Joined: Oct 10, 2015
Matthew Jackson is a freelance pop culture journalist/nerd-for-hire who's been writing full-time since 2008. Since 2011 he's served as a writer and contributing editor at Blastr.com, and in 2015 he joined the Entertainment division of Playboy.com as a regular contributor.
Writers strikes have a major impact on TV and film production, as the most recent strike—which began on May 2, 2023—has made clear.
The cult classic that cemented Wes Craven as one of Hollywood’s great masters of horror was released nearly 46 years ago.
Plenty of great movies have been derailed by lackluster endings, or endings that simply chicken out on the bold promises the rest of the film made to its audience. Thankfully for all of us, these are the ones that got it right.
Nearly a decade before he made ‘A Christmas Story,’ Bob Clark turned a horror movie about an unsuspecting group of sorority sisters and a mysterious killer lurking in their attic into a different kind of holiday classic.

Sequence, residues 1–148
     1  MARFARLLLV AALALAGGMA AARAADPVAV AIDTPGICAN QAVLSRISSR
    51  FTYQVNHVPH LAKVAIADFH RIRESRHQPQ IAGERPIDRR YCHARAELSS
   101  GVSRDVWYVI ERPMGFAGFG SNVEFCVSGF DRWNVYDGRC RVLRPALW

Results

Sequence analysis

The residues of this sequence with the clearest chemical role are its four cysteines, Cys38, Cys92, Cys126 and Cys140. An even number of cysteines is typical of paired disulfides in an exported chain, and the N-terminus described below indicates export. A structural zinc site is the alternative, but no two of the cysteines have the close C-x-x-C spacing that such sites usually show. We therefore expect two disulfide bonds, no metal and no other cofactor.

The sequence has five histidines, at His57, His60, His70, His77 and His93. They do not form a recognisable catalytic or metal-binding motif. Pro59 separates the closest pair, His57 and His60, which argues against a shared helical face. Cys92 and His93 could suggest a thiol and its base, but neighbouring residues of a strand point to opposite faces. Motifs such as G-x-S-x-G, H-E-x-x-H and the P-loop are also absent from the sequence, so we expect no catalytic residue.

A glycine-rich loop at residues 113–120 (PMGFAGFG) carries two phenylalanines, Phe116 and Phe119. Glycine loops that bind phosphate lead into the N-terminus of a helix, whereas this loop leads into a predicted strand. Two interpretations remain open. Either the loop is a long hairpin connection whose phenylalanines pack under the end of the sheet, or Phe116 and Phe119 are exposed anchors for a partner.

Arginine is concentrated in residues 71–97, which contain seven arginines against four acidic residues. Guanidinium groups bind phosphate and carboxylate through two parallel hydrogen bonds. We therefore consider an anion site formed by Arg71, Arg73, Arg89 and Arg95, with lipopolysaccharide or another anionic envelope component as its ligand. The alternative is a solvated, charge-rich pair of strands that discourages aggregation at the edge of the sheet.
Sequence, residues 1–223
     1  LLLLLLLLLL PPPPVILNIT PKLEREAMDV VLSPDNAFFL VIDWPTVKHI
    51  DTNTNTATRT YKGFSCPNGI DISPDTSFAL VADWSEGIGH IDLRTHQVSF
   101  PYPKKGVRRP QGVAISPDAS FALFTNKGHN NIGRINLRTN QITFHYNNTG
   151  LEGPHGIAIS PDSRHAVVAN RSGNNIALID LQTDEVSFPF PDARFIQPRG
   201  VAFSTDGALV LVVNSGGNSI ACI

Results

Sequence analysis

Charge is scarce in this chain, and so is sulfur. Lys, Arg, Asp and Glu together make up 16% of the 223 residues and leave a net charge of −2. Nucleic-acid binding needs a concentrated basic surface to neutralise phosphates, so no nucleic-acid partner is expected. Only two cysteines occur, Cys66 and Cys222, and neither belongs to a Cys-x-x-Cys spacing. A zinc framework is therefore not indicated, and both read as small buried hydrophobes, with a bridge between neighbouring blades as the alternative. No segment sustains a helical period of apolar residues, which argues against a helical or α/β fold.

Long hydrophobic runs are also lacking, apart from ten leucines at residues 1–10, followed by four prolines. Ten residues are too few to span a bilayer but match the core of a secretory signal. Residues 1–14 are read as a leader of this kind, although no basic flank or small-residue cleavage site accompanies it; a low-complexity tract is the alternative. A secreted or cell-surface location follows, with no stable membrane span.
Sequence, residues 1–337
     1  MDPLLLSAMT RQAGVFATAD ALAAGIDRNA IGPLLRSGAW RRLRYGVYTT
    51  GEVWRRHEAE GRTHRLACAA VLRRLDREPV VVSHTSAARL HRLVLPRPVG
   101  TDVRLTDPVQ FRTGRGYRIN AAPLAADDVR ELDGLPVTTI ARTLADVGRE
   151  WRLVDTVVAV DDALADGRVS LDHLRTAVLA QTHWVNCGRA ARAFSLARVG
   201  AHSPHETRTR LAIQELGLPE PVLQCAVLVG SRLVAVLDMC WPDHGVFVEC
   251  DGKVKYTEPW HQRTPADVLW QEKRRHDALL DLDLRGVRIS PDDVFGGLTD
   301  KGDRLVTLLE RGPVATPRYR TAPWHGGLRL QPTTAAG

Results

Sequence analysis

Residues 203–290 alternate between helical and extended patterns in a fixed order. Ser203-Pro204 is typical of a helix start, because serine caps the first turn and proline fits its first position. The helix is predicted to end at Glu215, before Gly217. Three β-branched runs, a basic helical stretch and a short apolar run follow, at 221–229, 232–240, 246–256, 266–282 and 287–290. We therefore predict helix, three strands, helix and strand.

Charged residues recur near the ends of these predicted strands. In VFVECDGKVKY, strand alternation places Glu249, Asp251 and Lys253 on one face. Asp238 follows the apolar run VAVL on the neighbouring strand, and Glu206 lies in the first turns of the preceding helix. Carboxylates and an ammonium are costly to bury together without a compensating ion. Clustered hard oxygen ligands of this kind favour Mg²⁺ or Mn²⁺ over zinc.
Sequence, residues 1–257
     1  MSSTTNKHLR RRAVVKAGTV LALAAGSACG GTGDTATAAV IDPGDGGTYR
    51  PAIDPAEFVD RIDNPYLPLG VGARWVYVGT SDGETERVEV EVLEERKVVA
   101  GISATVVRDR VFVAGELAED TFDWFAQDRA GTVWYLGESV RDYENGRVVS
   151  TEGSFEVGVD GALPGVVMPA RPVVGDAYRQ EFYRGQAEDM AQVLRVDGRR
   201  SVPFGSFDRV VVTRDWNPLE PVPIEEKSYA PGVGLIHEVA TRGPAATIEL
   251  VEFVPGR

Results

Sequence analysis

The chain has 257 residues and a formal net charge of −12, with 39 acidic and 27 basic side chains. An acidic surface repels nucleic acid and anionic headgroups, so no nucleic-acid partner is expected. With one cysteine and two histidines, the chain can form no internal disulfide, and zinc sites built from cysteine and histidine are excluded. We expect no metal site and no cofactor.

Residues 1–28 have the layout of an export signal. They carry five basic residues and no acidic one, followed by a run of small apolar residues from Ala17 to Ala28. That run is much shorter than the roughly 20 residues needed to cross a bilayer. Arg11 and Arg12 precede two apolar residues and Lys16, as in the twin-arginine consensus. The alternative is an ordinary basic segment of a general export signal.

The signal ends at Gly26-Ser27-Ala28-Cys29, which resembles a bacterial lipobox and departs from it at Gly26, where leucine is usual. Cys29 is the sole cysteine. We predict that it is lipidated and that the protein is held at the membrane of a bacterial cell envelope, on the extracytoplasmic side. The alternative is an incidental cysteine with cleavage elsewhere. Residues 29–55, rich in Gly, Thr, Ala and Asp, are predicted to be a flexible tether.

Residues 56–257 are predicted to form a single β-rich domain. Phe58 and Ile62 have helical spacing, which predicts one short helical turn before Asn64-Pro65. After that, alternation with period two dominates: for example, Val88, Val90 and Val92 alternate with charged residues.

The car chase is a time-honored, frequently practiced piece of the language of action cinema, and the rise in digital wizardry in filmmaking has only helped to bolster its place on the big screen. Still, not all car chases are created equal; here are some
Six decades, 25 films, six actors, and billions of dollars in box office later, and we're still talking about James Bond, his literary legacy, and his big screen adventures.
Though often dismissed as a bunch of movies about a crazy guy with a knife, there’s a sense of near-constant creativity at work within even the most low-budget, opportunistic slasher films.
The Western has been part of cinema since the very earliest days of Hollywood, and has produced some of the greatest films ever made. Here are 35 of them.
The coming-of-age movie is a well-tested, familiar, and deeply evocative type of film that transcends genre, age, historical period, and so much more. There are numerous masterpieces in the field, but these are 25 of our favorites.
Director John Carpenter set the standard for dystopian cinema with the classic 1981 flick 'Escape from New York.'
In the fall of 1979, a group of unknown actors, a director desperate for a hit, and a special effects visionary got together in the woods of New Jersey to create the stuff of legend.
Roger Ebert called Orson Welles’ masterpiece “the official answer” to the question “What’s the greatest film of all time?”